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  39. “I guess I have to keep posting all the outrageously priced properties that are 20% over their last peak price then. Sigh.”

    You post list prices, not closing prices and for every one of those you post I can find another one where that didn’t happen. But that’s always an exception.

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  40. “Wait a minute- did Crain’s just have an article talking about how Portage Park was one of the hottest neighborhoods? I think it did. Gee. Imagine that.”

    Yeah, and did you see the link I provide above where the average seller in the Chicago area was losing money until May? That’s hardly what a bubble looks like.

    I’ll address the 2/2s in the morning.

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  41. “One of my concerns besides her being a novice is that most of well functioning buildings have rental caps so unless one was grand fathered in, it might not be easy to rent the unit out.”

    The time for buying as an investor has come and gone. When the market turns down again, there will be investment opportunities again. The problem is, your friend most likely won’t want to buy then.

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  42. As we’ve discussed over and over again there are numerous examples of properties selling below the previous peak and they are not hard to find. Condos in the Heritage or 401 E Ontario or high rises in the south loop. I could come up with a lot more.

    I just pulled up all the 2/2s sold in Lake View in the last month and looked around $400K. Here’s the first one I pulled up: http://lucidrealty.com/homes-for-sale/Chicago_Lake_View/condos_townhomes/3133-N-Lakewood-AVE-unit-2F/ Guess what? Sold for $3K less than it did in 2008. This happens every time I check this stuff. Of course, I’m sure you’re going to tell me that this is a problem building or whatever but guess what? This is the market – thousands of special cases. A true bubble has very few exceptions.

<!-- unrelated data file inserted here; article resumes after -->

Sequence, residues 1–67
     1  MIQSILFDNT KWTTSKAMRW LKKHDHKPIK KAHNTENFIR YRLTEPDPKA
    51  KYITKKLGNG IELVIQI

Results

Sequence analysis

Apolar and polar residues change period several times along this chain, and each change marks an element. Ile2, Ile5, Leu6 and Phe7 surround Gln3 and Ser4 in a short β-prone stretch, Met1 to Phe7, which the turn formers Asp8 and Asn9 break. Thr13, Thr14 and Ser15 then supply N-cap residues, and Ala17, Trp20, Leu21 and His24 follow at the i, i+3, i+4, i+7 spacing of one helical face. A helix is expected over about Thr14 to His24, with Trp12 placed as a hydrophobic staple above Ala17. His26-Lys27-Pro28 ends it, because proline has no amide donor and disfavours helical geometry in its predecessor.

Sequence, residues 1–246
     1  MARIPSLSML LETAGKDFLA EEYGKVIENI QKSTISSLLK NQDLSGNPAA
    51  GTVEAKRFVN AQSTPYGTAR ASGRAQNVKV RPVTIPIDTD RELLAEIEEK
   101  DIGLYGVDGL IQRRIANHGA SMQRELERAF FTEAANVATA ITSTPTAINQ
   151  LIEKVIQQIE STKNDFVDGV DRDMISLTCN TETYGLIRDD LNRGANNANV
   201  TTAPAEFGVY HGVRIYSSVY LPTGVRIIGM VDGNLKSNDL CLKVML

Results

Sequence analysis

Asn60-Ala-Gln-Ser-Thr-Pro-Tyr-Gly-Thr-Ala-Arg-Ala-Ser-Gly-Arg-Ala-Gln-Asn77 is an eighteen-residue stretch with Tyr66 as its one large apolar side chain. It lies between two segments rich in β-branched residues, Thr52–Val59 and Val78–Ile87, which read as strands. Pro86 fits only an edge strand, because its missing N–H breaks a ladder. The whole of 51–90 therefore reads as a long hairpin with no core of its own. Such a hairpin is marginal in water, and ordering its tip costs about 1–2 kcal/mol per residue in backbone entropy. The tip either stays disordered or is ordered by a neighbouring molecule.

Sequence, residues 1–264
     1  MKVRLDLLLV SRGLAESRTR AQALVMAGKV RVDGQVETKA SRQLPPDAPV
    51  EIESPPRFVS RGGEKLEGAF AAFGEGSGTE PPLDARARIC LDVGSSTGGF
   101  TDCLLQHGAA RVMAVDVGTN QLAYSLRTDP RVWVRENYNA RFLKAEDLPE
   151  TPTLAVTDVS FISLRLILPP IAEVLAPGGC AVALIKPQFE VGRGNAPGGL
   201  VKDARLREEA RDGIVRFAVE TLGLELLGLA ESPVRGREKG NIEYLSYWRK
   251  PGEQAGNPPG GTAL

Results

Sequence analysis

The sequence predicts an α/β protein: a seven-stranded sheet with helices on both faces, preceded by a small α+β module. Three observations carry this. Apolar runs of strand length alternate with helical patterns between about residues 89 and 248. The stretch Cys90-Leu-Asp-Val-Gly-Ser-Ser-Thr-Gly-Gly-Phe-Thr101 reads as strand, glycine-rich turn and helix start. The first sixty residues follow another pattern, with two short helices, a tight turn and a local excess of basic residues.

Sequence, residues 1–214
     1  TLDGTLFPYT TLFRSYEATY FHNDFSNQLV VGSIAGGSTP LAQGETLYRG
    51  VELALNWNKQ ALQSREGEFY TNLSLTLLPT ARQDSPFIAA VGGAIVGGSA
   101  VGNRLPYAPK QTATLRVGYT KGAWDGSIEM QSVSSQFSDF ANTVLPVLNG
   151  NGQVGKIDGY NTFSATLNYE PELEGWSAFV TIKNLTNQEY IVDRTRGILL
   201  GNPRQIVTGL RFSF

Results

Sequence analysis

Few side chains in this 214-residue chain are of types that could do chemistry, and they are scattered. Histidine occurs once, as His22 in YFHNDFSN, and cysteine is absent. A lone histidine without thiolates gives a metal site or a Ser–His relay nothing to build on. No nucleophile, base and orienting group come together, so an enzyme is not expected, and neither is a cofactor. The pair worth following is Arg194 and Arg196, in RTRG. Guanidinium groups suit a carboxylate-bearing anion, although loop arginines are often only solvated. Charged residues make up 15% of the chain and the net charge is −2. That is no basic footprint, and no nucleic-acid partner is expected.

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  43. Part of the challenge in doing this exercise is finding examples where you have a previous sale in the right time frame. Here is the next one where I could do that: http://lucidrealty.com/homes-for-sale/Chicago_Lake_View/condos_townhomes/3200-N-LAKE-SHORE-DR-unit-604/ This one sold in 2008 for $330k. Sold again late last year for LESS: $290K. Just closed for $405K BUT they remodeled it.

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  44. We actually are renting out a 1BR and make around $1000 a month. We bought it in 2009 in SL.

    I am not sure my friend’s decision is so much indication of a bubble rather than a wish to diversify her portfolio. She already invests in the stocks and wanted to do something different.

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  45. And it’s not like I’m having to look through dozens of listings to find these examples. Here is the very next one in the sequence: http://lucidrealty.com/homes-for-sale/Chicago_Lake_View/condos_townhomes/632-W-Buckingham-PL-unit-1E/ Sold for the exact same price in 2007.

    I could do this all day if I had the time.

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  46. ” Sold for $3K less than it did in 2008. ”

    And that prior sale was on the down slope!

    C-S Condo index is still about 14% below peak in nominal dollars. Which makes it about 30% below peak in real dollars.

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  47. Re: investing in RE – what do chatterers think of Fundrise or RealtyShares?

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  48. Re: investing in RE – what do chatterers think of Fundrise or RealtyShares?

    The share holders are the last ones in and first one to get F’ed. The biggest winner is the intermediary and principal.

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  49. “I could do this all day if I had the time.”

    I could too Gary. Why are you only looking in Lakeview? My god. The 2/2s are exploding in price in Wicker Park, Bucktown, River North, Gold Coast, even the South Loop (gulp, dare I say it?)- yes. Even THERE.

    All of those areas are in the GZ. Heck, 2/2s are selling for $750,000 now in some parts of the GZ. It’s absurd what is happening.

    If you aren’t making any money right now in the GZ, then you are a MORON.

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  50. “I am not sure my friend’s decision is so much indication of a bubble rather than a wish to diversify her portfolio. She already invests in the stocks and wanted to do something different.”

    Why?

    Why would you invest in something you don’t understand or want to do?

    In the 1970s my dad bought into a stupid restaurant chain in Southern Illinois in order to “diversify.” He knew nothing about restaurants. It all went to hell a few years later. Oh, and he also bought some cattle around that time. Born and raised in Chicago yet he was buying cattle.